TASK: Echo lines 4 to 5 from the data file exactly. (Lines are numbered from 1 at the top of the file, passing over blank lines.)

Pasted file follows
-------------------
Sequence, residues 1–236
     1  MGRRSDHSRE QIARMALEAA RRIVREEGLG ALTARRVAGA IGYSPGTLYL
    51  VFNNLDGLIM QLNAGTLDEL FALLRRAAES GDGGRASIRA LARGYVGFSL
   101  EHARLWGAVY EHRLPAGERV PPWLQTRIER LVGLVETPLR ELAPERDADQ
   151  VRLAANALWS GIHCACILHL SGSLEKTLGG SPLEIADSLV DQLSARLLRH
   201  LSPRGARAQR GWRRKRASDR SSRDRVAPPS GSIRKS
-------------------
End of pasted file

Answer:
   101  EHARLWGAVY EHRLPAGERV PPWLQTRIER LVGLVETPLR ELAPERDADQ
   151  VRLAANALWS GIHCACILHL SGSLEKTLGG SPLEIADSLV DQLSARLLRH